Forum Index > Trail Talk > Landslide blocks access to Johnston Ridge at Mt St Helens
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neek
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neek
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PostSun May 21, 2023 1:49 pm 
treeswarper wrote:
A little story about the car situation
That poor fellow! Just got the car 3 weeks ago. From wsdot: "Travel along SR 504 remains open with multiple scenic viewpoints up to milepost 43 near the Science and Learning Center at Coldwater ... For safety, WSDOT and federal agencies strongly encourage people not to venture beyond the highway closure location due to the severity of the unstable hillside." Toutle to the Castle Lake Viewpoint is a very nice 30-mile (each way) bike ride with 3800' gain. Probably even better now with reduced traffic. You can venture further but you'll drop 900'.

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Chief Joseph
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PostSun May 21, 2023 3:12 pm 
Pyrites wrote:
Can car roof’s structurally support the normal snow pack?
Pretty sure no. So if the vehicles remain there through the winter they will likely be totaled, which would be a good thing for those with full coverage insurance.

Go placidly amid the noise and waste, and remember what comfort there may be in owning a piece thereof.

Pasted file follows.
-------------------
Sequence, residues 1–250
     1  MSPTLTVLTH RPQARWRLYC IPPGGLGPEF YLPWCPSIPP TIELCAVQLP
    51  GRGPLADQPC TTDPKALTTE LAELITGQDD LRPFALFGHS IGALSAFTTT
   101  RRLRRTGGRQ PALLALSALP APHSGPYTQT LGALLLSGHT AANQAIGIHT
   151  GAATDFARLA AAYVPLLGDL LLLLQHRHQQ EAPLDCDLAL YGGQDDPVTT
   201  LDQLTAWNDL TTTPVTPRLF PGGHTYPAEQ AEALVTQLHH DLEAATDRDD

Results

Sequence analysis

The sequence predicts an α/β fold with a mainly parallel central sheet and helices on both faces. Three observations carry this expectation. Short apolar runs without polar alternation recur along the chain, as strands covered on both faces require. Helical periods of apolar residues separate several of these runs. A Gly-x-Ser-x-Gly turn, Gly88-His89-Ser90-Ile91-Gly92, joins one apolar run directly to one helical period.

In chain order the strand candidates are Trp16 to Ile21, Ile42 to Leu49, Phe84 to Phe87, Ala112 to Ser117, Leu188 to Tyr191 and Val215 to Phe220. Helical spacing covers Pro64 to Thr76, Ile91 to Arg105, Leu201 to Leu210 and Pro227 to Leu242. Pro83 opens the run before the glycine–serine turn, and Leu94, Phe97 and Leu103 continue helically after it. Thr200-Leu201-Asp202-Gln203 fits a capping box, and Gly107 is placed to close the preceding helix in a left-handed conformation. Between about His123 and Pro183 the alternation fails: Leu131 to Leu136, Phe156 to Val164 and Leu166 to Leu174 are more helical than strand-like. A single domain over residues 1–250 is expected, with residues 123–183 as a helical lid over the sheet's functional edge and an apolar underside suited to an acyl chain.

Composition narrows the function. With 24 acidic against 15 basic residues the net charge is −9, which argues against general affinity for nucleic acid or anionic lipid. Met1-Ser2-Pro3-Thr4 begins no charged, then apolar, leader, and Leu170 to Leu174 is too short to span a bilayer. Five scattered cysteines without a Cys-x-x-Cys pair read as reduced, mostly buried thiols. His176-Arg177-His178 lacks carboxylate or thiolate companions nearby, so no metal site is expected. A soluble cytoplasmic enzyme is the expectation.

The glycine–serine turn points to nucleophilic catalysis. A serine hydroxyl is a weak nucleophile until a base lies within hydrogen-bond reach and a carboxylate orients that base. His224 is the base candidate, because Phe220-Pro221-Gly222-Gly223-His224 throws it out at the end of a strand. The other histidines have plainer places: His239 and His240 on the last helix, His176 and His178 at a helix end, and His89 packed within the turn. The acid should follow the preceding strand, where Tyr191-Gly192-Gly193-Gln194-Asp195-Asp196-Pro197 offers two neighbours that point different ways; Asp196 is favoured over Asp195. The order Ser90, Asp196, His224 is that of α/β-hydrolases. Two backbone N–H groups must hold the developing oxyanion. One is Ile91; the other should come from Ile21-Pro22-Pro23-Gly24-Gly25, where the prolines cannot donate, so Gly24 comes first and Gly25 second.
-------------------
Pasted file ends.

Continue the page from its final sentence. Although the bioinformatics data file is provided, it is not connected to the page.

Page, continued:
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jaysway
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PostSun May 21, 2023 9:09 pm 
Chief Joseph wrote:
Pretty sure no. So if the vehicles remain there through the winter they will likely be totaled, which would be a good thing for those with full coverage insurance.
I am curious: let's say that the cars remain there until next year and become totaled. Who pays to tow them out? The drivers? Their insurance companies? Or the USFS?

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Chief Joseph
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Chief Joseph
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PostSun May 21, 2023 9:30 pm 
Most vehicle comprehensive insurance also covers towing, but maybe with restrictions as far as distance of the tow and other factors.

Go placidly amid the noise and waste, and remember what comfort there may be in owning a piece thereof.
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Randito
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PostSun May 21, 2023 9:51 pm 
FWIW: IME When insurance companies "total" a vehicle, the original owner has the option to purchase the "totalled" vehicle back from the insurance company for some something like it's scrap value. If the original owner doesn't want to buy it back the insurance company sells it to "reconditioners" people that buy such vehicles, fix them up and resell them. The title of such vehicles are supposed to be designated "salvage" so the new buyers are aware.